You’re right, while the labels seem understandable, they actually don’t tell you a whole lot about whether you can or cannot eat the food its stamped on. Here’s a brief look at what expiration dates mean, and how to tell whether your food has gone bad.
Expiration Dates Refer to Quality, Not Safety
Generally, you’ll see three types of expiration dates on your food, and they all mean slightly different things. However, contrary to popular belief, they refer to the quality of the food, not the safety. Here’s what each one means:
This date tells the store how long to keep the item on their shelves. If it reaches the date before its sold, the store will pull it from the shelves. It represents the last day the food is at its peak quality of freshness, taste, and consistency. It will still be safe to eat after the Sell By date (how long? See the section below).
Best If Used By:
Again, this merely refers to when the quality of the item starts to go downhill. Generally, you may notice a difference in taste or consistency after that date, but it will still be safe to eat. For example, sour cream may become a bit more sour, or peanut butter may start to experience some harmless oil separation in the bottle.
Yep, you guessed it—this is pretty much the same as “Best Used By”. The Use By date is when the product loses its peak quality. It’s still safe to eat for a little while.
There are other kinds of dates floating around, like the “Born on” date of beer (three months after which it can start to taste funky), “Guaranteed Fresh” on baked goods (after which they’ll likely be stale, but okay to eat), and more. The most important takeaway is that this almost always refers to freshness and quality, not safety.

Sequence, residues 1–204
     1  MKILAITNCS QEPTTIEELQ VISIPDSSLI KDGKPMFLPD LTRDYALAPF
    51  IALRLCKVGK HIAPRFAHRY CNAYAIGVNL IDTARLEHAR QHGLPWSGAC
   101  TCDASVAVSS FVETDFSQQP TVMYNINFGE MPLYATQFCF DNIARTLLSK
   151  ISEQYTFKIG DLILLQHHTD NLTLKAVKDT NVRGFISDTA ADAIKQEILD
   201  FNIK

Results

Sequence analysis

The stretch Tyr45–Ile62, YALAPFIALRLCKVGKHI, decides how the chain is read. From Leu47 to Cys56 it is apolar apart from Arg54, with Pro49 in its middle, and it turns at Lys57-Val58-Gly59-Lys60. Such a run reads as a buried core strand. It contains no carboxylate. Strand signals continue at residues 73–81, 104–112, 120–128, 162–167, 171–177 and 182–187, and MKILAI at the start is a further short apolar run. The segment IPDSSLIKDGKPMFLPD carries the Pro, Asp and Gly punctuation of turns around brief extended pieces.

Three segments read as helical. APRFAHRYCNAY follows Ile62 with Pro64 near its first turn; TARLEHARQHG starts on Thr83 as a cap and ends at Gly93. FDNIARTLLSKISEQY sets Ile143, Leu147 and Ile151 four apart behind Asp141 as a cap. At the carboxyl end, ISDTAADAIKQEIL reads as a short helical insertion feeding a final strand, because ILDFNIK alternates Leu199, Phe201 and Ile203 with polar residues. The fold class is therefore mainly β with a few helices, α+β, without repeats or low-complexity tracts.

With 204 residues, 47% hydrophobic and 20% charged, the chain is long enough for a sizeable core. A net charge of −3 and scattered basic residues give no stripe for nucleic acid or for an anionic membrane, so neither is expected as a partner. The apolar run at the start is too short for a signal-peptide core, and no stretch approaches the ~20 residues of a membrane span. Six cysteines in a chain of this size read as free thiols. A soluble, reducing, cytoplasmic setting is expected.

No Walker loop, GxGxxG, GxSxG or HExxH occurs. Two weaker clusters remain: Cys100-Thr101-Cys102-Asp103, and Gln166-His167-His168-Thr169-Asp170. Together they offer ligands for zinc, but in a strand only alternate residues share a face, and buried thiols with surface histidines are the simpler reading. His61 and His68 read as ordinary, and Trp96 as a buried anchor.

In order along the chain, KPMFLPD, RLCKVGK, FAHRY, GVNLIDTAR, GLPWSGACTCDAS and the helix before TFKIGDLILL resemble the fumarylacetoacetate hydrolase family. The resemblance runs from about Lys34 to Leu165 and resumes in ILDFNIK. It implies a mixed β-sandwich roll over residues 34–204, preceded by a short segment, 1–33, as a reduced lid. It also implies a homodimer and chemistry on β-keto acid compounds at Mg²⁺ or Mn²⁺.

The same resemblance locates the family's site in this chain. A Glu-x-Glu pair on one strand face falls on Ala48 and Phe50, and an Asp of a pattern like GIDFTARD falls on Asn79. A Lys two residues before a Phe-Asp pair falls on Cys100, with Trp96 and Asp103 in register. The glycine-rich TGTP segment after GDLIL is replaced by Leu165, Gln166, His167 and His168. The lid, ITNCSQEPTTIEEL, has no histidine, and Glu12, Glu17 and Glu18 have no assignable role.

So When Does Food Actually Go Bad?
While you can use most of the foods past their printed date, the USDA recommends that you eat food before its “Use By” or “Best If Used By” date to be on the safe side. For foods with a “Sell By” date, you have a pretty set amount of time before the food goes bad. Milk will usually go bad about a week after the Sell By date, while eggs are okay for 3 to 5 weeks. See the table to the right for the USDA’s recommendations, or head to their product dating page for even more foods.
Remember that this all assumes you’ve properly stored these items—if you’ve left a perishable item out on the counter for two hours, it may not be safe to eat anymore, so you should disregard the date and throw it away.
Lastly, don’t discount the ever-reliable smell test. Not sure if the milk and eggs have gone bad, or if a product is still okay a day or two after the “Use By” date? Give it a whiff and if it smells okay, it’s probably okay. And if you aren’t sure you’ll be able to eat something before its expiration date, you can always freeze it before that date hits to make it last longer. Check out the USDA’s web site for more information.
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